Are you Feeling Ignored?

I grew up a bit of an attention-seeker. Being the youngest of four siblings in a single-parent home after my Father passed away probably made me a classic case.
There are a few symptoms I notice from attention-seekers;

Guilt; they make you feel guilty for not spending time with them or energy on them.

Passive-aggressive: They give you a free pass for supposedly ignoring them, but make sure they insert a last minute blow of sarcasm. Along with it they’ll throw some quick facts in to try and confuse you.

Anger/Tantrums; they will imagine up a reason to be angry at you even though you didn’t do anything wrong.

Tears; whether real or crocodile, they are a classic tactic to drum up sympathy.

Lies; they might even vilify someone else in your life so you will wipe the others from the list and therefore your schedule will be clear for them.

I have used all of these at some point or another with the exception of making up stories about some third party. That takes it to a whole other level.

It seems to come from Desperation. It really strikes me as a symptom of plaguing loneliness.

When I was depressed, being in a room with anyone at least supplied some external energy (good or bad) to suppress my inner demons. But one of the real traits I was plagued with was envy.

Generally if a person doesn’t have hours and hours to spend with you, it means they have some things going on in their own life. They might have a successful job or another life-fulfilling purpose that is racking up the hours. For a person who doesn’t have much going on in their life, that doesn’t seem like something to be proud of in a partner. Their happiness or success is a constant reminder of what the sad person doesn’t have!

For me, I didn’t have the mental capacity to chase anyone else around anymore. But more than that, I realized that my fulfillment could not come from someone else.
The next question I asked myself, “While I am busy sucking the emotions of others, what am I actually GIVING?” It’s very difficult to come to that point during a terrible depression. My depression was a combination of selfishness and self-pity mixed with self-loathing and low self-worth. So try to un-blend that mess after you’ve hit high on the blender.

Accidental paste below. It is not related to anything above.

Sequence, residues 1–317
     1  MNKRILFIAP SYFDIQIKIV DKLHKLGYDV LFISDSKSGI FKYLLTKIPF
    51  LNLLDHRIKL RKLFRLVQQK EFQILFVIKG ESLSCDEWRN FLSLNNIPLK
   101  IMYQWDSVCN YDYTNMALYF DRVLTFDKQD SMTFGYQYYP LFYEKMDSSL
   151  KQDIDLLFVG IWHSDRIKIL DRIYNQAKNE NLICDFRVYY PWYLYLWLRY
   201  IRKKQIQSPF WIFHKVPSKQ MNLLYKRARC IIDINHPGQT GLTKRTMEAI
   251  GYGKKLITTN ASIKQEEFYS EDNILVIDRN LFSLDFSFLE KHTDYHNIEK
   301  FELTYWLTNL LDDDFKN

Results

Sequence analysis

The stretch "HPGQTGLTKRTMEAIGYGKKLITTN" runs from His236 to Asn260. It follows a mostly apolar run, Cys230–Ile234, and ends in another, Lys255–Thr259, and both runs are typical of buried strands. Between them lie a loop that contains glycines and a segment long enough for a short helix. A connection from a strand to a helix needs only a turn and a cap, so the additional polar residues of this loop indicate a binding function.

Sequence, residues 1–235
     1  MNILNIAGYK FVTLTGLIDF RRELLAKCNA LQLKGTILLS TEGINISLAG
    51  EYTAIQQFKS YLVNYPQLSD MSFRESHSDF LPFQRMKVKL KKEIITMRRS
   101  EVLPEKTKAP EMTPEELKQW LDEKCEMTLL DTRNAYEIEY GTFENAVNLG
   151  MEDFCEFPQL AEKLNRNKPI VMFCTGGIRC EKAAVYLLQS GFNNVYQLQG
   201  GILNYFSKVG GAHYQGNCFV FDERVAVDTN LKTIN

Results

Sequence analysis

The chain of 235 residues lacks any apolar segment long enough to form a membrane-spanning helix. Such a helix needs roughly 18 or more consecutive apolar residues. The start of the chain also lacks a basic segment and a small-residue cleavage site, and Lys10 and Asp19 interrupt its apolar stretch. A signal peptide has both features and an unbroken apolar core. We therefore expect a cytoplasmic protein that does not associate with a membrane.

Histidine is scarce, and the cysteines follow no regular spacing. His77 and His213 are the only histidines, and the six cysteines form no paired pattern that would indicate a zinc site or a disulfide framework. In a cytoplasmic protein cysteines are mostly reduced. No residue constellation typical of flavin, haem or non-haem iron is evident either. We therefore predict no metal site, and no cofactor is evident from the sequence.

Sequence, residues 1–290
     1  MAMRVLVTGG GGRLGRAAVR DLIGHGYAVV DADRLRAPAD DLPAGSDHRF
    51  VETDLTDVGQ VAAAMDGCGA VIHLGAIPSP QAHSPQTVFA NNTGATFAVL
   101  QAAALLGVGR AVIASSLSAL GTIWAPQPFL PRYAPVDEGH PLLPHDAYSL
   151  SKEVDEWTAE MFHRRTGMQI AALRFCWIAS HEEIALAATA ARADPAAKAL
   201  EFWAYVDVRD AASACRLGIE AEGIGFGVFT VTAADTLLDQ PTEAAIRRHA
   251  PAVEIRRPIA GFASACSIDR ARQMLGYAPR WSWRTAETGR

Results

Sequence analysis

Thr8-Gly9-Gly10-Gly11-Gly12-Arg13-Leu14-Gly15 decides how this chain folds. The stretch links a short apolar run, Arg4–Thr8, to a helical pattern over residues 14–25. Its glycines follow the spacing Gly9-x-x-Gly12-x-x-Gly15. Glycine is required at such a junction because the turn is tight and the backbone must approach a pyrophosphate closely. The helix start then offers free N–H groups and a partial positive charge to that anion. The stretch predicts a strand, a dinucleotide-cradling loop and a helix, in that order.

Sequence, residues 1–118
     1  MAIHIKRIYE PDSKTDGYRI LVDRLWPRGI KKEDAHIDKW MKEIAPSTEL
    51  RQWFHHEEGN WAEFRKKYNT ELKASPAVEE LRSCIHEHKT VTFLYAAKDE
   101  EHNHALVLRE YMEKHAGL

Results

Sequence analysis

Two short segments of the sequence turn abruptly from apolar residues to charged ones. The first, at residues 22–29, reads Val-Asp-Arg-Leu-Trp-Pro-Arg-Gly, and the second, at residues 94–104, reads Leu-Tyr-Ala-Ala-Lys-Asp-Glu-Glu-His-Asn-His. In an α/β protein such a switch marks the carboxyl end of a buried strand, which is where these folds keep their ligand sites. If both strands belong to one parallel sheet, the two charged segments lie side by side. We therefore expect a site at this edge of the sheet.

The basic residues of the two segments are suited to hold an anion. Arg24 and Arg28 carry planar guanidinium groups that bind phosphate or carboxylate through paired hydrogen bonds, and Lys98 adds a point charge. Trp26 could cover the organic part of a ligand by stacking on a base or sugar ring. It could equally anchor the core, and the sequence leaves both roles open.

Creativity, my hobbies, my passions and spirituality are what broke me out of it all. I started to see that I had to bring the self-loathing into the middle from the left and the self-pity in way from the right. They seem to be meeting in the middle now and I am starting to see I am both a small part of this world and a very important part of the world which seems like a healthier blend.

I hope that you are finding YOUR spirit as though nobody else exists. Then, when we develop something to share, we can start being part of the giving team. The world is full of takers. Some don’t mean to be and some absolutely mean to be. With some encouragement, I believe everyone has the capacity to be giving.

And if you are one of those people who believe you have given too much, are you sure? Giving is supposed to be rewarding, right? If you are still feeling like you give and give and give, are you still expecting something in return? If you are feeling ignored from giving too much, what are you expecting back?

I think the people who give and are happy doing so, just keep moving on to the next thing and don’t look back for the praise or reward.

Much love on you!
Karen :)

“The value of a man resides in what he gives and not in what he is capable of receiving.” ~Albert Einstein

1 comment:

  1. I think I've run the gamut on this, though for slightly different reasons - my own specific shortcomings, but think I'm finally cool with having more reasonable expectatios of myself.